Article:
Bookmark: Why you won’t find a technical co-founder …

As a technical co-founder, this is a great reality check.


Why you won't find a technical co-founder

You probably will not find a technical co-founder online by using one of the many co-founder matching tools.
You may also not want to.

I’ve tried working in the normal “co-founder for equity” set ups. I’ve been working as a freelancer and contractor for years.
At the moment I am focusing my efforts on building MVPs. After talking to founders on both sides of the “equity-hire” spectrum I have some thoughts.

This is exclusively from the perspective of searching out a person you don’t know online, for the sole purpose of founding a company.
This is not talking about starting a business with you friend joey from work, who you’ve been working with for 3 years. read more

List: Favorite Motocross Photos

These some of my most memorable photos from my motocross days.

Cycling: FTP over time

Tracking cycling endurance training progress over time. As I have shifted my focus from MTB racing to Endurance/long distance triathlon, My sprint power has decreased slightly (5 minutes and 1 minute) but FTP (20 min+) has slowly been ticking upward. Since I have been swimming and running more, it probably has not increased as much as I hoped, but I am learning endurance is not something that gets established overnight ….

Don’t ask for forgiveness, radiate intent


Here are 4 reasons that radiating intent is better than begging forgiveness:

  • Radiating intent gives a chance for someone to stop you before you do a thing, in case it’s truly harmful
  • Radiating intent gives people who have information, or want to help, an opening to participate
  • Radiating intent leaves better evidence of your good will
  • Radiating intent shows others that adventurous behavior is acceptable in the org.

Radiating intent also has the advantage over asking permission that the “radiator” keeps responsibility if things go sour. It doesn’t transfer the blame the way seeking permission does, which is good. We should be responsible for our choices.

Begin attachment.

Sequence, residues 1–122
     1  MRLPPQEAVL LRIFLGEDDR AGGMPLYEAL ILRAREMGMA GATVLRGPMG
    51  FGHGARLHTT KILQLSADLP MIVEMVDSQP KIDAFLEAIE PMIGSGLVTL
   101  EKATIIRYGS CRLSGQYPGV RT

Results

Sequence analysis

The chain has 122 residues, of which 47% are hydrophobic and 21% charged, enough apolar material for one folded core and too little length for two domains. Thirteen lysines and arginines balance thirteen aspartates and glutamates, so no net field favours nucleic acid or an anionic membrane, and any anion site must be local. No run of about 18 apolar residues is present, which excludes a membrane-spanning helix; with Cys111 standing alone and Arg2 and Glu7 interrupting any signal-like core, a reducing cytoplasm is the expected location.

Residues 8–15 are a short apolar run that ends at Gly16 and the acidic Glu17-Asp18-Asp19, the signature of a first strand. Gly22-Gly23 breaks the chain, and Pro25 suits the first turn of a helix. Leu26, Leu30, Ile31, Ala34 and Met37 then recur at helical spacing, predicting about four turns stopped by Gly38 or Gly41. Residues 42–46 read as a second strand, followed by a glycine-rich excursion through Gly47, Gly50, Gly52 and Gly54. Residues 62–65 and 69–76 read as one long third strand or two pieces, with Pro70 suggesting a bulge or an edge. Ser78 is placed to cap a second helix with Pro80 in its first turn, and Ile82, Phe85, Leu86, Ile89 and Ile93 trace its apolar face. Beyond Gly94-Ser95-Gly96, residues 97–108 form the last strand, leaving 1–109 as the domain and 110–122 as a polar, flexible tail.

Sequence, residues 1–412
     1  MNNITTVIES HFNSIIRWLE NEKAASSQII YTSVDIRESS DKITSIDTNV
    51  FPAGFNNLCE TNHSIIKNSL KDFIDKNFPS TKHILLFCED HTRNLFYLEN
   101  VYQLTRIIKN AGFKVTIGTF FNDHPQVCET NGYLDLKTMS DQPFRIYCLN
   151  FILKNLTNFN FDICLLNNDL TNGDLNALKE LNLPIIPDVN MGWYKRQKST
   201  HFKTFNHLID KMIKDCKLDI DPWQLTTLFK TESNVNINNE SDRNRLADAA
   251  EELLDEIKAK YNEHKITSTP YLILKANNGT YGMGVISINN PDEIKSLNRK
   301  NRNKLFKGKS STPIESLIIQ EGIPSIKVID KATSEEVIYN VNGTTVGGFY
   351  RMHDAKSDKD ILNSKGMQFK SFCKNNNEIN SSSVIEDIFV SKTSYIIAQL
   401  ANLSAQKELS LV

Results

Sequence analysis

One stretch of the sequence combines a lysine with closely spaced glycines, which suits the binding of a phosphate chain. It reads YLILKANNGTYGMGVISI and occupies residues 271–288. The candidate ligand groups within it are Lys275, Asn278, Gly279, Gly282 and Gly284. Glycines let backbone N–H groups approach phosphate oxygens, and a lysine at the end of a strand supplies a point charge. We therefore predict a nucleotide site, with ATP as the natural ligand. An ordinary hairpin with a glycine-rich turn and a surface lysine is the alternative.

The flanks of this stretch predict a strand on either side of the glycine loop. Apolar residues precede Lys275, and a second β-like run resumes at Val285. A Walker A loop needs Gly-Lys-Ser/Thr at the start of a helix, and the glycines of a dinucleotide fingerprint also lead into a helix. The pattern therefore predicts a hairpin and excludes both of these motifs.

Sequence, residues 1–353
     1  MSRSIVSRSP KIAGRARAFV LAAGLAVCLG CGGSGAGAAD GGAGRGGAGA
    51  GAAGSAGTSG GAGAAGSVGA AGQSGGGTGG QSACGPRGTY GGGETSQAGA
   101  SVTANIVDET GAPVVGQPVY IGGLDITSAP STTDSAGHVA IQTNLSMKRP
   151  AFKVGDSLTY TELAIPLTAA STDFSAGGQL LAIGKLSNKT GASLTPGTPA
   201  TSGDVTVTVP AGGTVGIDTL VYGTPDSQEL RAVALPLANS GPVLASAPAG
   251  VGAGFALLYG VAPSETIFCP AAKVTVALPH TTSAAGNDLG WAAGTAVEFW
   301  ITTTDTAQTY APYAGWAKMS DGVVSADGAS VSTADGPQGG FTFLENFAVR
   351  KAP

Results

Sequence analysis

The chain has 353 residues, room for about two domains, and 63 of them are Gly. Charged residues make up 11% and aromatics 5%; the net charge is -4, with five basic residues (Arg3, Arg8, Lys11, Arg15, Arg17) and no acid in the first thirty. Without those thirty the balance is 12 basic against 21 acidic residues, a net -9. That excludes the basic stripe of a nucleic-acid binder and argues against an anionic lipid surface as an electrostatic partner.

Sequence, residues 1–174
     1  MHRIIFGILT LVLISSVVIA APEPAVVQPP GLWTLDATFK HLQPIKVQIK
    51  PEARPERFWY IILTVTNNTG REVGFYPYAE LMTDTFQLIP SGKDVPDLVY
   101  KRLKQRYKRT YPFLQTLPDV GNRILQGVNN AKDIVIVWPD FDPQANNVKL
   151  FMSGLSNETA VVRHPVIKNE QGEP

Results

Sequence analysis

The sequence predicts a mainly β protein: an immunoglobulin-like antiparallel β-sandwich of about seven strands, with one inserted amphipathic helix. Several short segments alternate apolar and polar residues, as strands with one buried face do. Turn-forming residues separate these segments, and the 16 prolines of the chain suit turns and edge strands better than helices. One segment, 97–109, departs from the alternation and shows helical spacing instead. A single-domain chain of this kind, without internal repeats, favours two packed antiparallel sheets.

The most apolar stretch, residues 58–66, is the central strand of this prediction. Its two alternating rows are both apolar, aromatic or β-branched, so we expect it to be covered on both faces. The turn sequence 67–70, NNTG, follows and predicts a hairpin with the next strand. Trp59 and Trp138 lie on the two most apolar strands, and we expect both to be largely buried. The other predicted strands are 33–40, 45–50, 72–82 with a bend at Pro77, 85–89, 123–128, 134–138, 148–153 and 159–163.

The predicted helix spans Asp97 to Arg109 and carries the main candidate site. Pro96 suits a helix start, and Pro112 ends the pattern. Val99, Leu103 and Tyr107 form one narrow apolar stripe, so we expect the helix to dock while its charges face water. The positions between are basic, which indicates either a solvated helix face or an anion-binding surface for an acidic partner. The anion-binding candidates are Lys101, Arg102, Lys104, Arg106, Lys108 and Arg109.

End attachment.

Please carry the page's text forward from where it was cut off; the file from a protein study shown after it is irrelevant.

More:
An example of radiating: I recently spent a day working from Canada. I’m still not sure if it was allowed, but I mentioned it to my supervisor. I mentioned it to my supervisor’s supervisor. I mentioned it to more than a few colleagues. One of them told me I could request permission for my work phone to be used internationally. I did this. It worked. There were many chances for a slow-mo “Noooooooooo” if this travel was going to cause a problem. read more

Sustainability + Opensource = Win

I really like this sort of manifesto from Bruno (an open source alternative to Postman, Insomnia, ++) – which is a API testing tool. Building useful open source tools or products is generally a labor of love (= Github Stars), but sometimes the love fades (= Github Forks), and inevitably no one wins (= Github Unfollow). As an open source developer, and consumer is to have zero expectations – I got this product for “free” and I am sharing this product for “free” is generally part of my ambitions.

However, many consumers of open source software want to the product to grow and thrive at that free tier which is more often than not unreasonable. This sus up some options around the lifecycle surrounding open source and what consumers, and developers should expect. read more

Bucket List: Golf Courses

Aside from all the courses I have been lucky enough to play, I think these are still my Top 10 courses I am wanting to play:

Whistling StraitsKohler, WI
Erin HillsErin, WI
Augusta NationalAugusta, GA
Bandon Dunes (Multiple Courses)Bandon, OR
Pebble BeachPebble Beach, CA
Shadow CreekLas Vegas, NV
St. AndrewsSt. Andrews, Scotland
Bethpage State Park: BlackFarmingdale, NY
TPC Sawgrass